• Compute shapes

    This architecture uses an Oracle Linux OS image with the VM.Standard2.1 shape to host both the Jenkins server and the Container Engine for Kubernetes cluster nodes. If your application needs more memory or cores, you can choose a different shape.

  • VCN

    When you create a VCN, determine the number of CIDR blocks required and the size of each block based on the number of resources that you plan to attach to subnets in the VCN. Use CIDR blocks that are within the standard private IP address space.

    After you create a VCN, you can change, add, and remove its CIDR blocks.

    This architecture uses a public VCN to host Container Engine for Kubernetes. You can also use a private VCN. In that case, use a NAT gateway to give the cluster access over the public internet.

  • Jenkins

    This architecture deploys Jenkins on a Compute instance. A Jenkins master node is used to build the CI/CD pipeline. If you have multiple pipelines to build and run in parallel, you can use a Jenkins agent node to develop more pipelines.

  • Container Engine for Kubernetes

    This architecture deploys the Container Engine for Kubernetes cluster. The worker nodes are deployed on a VM.Standard2.1 Oracle Linux OS. This architecture uses three worker nodes in the cluster, but you can create up to 1000 nodes on each cluster.

  • Registry

    This architecture deploys Registry as a private Docker registry for internal use. Docker images are pushed to and pulled from the Registry. You can also use Registry as a public Docker registry, enabling any user with internet access and knowledge of the appropriate URL to pull images from public repositories in Oracle Cloud.


  • Scalability

    You can scale out your application by updating the number of worker nodes in the Container Engine for Kubernetes cluster, depending on the load. You can also scale in by reducing the number of worker nodes in the cluster. When you create a service on the cluster, you can create a load balancer to distribute traffic among the nodes assigned to that service. For Jenkins, you can use the Jenkins master node to create more agents for multiple pipelines.

  • Application availability

    Fault domains provide the best resilience within a single availability domain. You can deploy Compute instances that perform the same tasks in multiple availability domains. This design removes a single point of failure by introducing redundancy.

  • Manageability

    This architecture uses a sample web application that’s hosted on GitHub for source control. Registry is used in the build pipeline to store the Docker build image for the application.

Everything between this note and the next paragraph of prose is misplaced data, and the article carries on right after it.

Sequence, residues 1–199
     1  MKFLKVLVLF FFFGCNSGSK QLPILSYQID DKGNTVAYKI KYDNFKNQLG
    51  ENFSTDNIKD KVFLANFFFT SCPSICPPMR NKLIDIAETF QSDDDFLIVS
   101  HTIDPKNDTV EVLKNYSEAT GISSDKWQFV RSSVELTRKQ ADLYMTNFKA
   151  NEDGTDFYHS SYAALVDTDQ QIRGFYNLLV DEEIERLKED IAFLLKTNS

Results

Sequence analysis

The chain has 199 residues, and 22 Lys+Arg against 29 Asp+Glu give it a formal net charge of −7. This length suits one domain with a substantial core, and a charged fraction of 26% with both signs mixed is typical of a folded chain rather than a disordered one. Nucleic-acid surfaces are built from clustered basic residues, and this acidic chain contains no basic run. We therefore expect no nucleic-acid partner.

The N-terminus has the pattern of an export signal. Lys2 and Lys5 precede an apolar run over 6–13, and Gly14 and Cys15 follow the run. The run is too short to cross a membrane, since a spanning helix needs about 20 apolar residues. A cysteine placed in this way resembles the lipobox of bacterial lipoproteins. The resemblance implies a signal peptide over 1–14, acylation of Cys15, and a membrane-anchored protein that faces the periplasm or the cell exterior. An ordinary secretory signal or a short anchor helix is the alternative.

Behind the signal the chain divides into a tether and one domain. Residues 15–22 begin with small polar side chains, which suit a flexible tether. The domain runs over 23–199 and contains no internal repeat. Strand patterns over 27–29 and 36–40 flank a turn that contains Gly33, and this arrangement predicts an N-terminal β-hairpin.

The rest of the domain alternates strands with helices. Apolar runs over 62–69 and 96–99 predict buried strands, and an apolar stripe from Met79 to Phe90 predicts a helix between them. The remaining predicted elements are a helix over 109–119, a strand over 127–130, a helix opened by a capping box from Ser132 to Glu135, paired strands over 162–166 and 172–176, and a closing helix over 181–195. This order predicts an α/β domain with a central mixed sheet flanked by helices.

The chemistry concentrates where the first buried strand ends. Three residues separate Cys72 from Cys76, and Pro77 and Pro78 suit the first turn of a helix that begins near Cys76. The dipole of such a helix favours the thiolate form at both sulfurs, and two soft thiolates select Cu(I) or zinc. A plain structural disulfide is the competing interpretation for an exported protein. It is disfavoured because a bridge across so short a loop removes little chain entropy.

• Security

    Use policies to restrict who can access the Oracle Cloud Infrastructure resources that your company has and how.

    Container Engine for Kubernetes is integrated with Oracle Cloud Infrastructure Identity and Access Management (IAM), which provides easy authentication with native Oracle Cloud Infrastructure identity functionality.


The code required to deploy this reference architecture is available in GitHub. You can pull the code into Oracle Cloud Infrastructure Resource Manager with a single click, create the stack, and deploy it. Alternatively, download the code from GitHub to your computer, customize the code, and deploy the architecture by using the Terraform CLI.

  • Deploy by using Oracle Cloud Infrastructure Resource Manager:
    1. Click Deploy to Oracle Cloud

      If you aren't already signed in, enter the tenancy and user credentials.

    2. Review and accept the terms and conditions.
    3. Select the region where you want to deploy the stack.
    4. Follow the on-screen prompts and instructions to create the stack.
    5. After creating the stack, click Terraform Actions, and select Plan.
    6. Wait for the job to be completed, and review the plan.

      To make any changes, return to the Stack Details page, click Edit Stack, and make the required changes. Then, run the Plan action again.

    7. If no further changes are necessary, return to the Stack Details page, click Terraform Actions, and select Apply.
  • Deploy by using the Terraform CLI:
    1. Go to GitHub.
    2. Download or clone the code to your local computer.
    3. Follow the instructions in

Change Log